Background: Endoscopic submucosal dissection (ESD) has become widely accepted as a standard treatment for gastric epithelial neoplasms. Antithrombotic agents are widely used to prevent thromboembolic disease. However, the feasibility of endoscopic procedures for patients using such agents has been rarely investigated. The aim of this study was to identify risk factors for post-operative bleeding after gastric ESD and to evaluate the relationship between the use of antithrombotic agents and post-operative bleeding.
Methods: From June 2005 to March 2014, 413 patients with 425 gastric neoplasms were treated by ESD. The demographic and clinical parameters associated with post-operative bleeding were investigated. 83 patients receiving antithrombotic agents were separately assessed using various methods of administration during the ESD procedure. Post-operative bleeding that occurred within 5 days of ESD was defined as early post-operative bleeding, whereas subsequent bleeding was defined as delayed bleeding.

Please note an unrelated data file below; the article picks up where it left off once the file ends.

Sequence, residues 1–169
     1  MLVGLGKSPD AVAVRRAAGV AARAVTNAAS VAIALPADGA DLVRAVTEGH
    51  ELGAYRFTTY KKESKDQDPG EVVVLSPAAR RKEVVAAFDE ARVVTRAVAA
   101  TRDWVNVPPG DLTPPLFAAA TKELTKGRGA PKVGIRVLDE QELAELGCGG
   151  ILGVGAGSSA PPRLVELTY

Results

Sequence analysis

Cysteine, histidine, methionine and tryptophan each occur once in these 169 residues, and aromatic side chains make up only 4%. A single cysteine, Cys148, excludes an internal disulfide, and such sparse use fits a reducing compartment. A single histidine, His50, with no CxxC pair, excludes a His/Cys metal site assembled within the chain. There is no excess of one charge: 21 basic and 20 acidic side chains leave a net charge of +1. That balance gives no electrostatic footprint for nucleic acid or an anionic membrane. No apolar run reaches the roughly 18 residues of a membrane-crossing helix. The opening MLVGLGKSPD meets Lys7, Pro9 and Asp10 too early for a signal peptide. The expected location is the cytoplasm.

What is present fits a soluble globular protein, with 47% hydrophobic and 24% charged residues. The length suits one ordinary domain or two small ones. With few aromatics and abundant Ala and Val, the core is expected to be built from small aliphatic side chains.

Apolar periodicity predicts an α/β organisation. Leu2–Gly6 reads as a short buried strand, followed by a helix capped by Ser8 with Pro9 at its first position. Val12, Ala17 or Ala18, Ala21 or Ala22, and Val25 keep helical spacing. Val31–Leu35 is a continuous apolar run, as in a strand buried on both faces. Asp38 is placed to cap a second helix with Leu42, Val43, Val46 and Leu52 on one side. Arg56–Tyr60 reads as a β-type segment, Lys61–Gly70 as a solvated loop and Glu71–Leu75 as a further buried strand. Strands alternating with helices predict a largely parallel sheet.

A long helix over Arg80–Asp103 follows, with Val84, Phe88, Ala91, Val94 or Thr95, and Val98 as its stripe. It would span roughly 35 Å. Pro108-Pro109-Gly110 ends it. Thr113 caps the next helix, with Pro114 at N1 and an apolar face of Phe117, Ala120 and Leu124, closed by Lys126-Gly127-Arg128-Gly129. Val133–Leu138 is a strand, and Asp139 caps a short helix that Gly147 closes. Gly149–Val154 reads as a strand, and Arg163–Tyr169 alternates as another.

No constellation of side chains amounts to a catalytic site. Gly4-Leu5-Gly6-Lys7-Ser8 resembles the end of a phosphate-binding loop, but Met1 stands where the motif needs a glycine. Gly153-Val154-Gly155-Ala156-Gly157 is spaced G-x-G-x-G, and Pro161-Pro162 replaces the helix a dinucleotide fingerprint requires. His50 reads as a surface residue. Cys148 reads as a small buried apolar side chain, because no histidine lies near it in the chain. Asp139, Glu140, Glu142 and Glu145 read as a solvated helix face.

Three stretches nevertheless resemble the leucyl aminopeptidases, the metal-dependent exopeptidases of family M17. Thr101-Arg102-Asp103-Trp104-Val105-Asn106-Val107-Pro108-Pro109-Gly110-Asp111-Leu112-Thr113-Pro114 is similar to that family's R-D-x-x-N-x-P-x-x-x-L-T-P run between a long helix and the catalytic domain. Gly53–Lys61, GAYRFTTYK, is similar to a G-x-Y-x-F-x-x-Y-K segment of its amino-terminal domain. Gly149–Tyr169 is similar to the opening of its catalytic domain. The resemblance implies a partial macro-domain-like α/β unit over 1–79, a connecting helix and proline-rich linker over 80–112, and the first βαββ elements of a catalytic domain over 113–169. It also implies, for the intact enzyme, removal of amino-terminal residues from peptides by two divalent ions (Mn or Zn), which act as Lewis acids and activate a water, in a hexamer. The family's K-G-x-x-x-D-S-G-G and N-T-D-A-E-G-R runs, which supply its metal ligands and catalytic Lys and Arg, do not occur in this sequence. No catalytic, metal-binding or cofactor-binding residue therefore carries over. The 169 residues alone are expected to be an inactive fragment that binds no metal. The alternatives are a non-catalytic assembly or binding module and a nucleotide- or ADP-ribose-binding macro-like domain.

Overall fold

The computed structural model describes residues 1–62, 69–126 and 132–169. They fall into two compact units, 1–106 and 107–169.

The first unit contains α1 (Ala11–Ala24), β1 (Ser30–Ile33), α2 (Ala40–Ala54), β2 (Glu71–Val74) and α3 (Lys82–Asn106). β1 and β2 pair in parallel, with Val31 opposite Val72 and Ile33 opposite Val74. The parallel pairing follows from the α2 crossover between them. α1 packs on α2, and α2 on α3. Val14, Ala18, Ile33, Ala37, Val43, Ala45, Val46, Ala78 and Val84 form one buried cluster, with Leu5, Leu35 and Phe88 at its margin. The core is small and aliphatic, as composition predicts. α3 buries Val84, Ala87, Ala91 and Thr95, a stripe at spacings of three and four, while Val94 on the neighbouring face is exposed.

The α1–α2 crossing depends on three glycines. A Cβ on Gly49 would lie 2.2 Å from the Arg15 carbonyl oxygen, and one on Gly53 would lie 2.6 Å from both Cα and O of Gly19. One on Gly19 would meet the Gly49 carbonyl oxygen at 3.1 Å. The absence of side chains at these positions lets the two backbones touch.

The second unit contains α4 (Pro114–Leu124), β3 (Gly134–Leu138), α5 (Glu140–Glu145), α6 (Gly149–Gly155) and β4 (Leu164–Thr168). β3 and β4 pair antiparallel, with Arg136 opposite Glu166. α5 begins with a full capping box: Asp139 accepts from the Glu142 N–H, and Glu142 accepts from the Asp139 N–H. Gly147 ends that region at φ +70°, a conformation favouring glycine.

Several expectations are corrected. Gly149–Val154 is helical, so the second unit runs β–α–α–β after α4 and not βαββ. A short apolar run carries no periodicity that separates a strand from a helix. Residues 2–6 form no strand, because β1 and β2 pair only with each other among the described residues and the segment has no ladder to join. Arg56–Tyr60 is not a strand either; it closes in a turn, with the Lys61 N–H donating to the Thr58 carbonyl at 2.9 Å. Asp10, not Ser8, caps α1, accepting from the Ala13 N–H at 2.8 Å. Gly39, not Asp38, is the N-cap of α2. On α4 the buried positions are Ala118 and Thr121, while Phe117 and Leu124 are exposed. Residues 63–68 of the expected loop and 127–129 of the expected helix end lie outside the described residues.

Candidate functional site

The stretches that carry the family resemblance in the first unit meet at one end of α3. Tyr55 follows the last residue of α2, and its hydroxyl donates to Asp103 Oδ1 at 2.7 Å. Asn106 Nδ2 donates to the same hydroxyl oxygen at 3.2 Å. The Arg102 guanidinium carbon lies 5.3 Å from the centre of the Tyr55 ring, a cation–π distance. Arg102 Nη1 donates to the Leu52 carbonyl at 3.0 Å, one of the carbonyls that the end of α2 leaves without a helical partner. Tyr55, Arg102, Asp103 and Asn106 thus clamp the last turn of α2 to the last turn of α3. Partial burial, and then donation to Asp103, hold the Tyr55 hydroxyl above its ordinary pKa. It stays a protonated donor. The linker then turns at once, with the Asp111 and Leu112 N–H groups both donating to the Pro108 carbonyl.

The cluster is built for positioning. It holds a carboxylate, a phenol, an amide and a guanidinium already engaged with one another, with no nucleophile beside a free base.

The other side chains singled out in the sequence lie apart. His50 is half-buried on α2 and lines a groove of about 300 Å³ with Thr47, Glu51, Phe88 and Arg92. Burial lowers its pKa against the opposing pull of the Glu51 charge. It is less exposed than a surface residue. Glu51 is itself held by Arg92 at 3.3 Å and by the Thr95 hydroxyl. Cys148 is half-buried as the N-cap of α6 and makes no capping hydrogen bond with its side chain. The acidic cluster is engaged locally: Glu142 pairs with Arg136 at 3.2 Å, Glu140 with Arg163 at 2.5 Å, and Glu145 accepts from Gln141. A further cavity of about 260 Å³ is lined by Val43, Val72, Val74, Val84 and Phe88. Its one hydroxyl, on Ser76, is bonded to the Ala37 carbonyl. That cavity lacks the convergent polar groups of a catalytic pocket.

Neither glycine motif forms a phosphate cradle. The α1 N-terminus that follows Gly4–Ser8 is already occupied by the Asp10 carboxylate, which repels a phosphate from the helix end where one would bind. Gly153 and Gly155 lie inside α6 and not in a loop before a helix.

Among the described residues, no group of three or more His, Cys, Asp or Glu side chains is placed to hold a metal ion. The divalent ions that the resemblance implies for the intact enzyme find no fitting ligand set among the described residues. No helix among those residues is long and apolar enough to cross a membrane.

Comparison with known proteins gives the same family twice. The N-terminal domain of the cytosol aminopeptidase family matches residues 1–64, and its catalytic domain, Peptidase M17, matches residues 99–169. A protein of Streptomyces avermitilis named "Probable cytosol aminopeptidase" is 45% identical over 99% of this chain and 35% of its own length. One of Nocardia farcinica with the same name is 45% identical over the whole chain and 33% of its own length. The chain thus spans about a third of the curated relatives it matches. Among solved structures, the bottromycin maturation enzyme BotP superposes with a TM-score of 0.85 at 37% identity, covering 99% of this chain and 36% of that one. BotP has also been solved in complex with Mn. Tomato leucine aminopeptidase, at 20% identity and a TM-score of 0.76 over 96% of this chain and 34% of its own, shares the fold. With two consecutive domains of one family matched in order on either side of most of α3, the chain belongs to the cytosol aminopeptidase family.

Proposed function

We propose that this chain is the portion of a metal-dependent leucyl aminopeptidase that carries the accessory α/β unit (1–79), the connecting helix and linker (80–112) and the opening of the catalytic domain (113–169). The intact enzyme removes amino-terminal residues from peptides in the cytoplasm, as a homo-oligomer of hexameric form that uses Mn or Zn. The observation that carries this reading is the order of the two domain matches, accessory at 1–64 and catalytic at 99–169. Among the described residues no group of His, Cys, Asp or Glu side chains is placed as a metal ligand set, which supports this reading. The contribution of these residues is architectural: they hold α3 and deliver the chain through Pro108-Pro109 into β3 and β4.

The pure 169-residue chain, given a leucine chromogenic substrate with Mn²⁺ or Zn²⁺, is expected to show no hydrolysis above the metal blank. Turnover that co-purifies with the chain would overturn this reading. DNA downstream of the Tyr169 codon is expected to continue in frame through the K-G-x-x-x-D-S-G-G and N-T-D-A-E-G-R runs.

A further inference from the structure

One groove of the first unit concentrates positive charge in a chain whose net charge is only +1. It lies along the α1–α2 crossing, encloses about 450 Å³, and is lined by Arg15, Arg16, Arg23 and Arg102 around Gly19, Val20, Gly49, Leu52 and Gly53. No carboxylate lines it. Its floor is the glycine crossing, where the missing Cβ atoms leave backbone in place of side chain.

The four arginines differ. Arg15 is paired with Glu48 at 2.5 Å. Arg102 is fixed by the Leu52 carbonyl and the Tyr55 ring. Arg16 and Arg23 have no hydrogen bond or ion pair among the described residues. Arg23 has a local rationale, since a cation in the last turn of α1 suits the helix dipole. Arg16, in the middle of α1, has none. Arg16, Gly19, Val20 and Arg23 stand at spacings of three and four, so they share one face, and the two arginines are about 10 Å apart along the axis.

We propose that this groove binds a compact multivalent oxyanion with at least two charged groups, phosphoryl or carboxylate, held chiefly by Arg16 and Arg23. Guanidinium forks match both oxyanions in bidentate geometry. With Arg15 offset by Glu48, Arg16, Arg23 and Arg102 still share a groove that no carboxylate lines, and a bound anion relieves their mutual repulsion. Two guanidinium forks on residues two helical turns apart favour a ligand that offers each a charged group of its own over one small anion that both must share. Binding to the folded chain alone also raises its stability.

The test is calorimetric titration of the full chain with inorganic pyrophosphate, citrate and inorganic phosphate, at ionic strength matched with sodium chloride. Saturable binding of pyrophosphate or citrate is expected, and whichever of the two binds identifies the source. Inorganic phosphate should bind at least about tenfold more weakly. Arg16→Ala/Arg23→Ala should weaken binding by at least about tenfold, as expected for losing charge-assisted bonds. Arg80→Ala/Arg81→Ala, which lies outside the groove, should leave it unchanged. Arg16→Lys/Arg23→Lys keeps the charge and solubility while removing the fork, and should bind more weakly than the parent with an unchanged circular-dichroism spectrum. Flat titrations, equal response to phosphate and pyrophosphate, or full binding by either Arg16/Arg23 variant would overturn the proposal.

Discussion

Results: The overall post-operative bleeding rate was 4.7%. In patients with continued low-dose aspirin (LDA), heparin replacement (HR), or continued LDA along with HR, post-operative bleeding rates were 9.5%, 23.8%, and 25.0%, respectively. On multivariate analysis, a specimen size of ≥40 mm was a risk factor for early post-operative bleeding [odds ratio (OR) 6.08, 95% CI: 1.74-21.27], and HR and chronic kidney disease (CKD) requiring hemodialysis were risk factors for delayed bleeding (OR 12.23, 95% CI: 2.63-56.77 and OR 28.35, 95% CI: 4.67-172.11, respectively). Continued LDA was not a risk factor for post-operative bleeding.
Conclusions: Large specimen size is a risk factor for early post-operative bleeding, and HR and CKD requiring hemodialysis are risk factors for delayed bleeding. Patients with risk factors should be carefully watched, allowing for the timing of post-operative bleeding after ESD.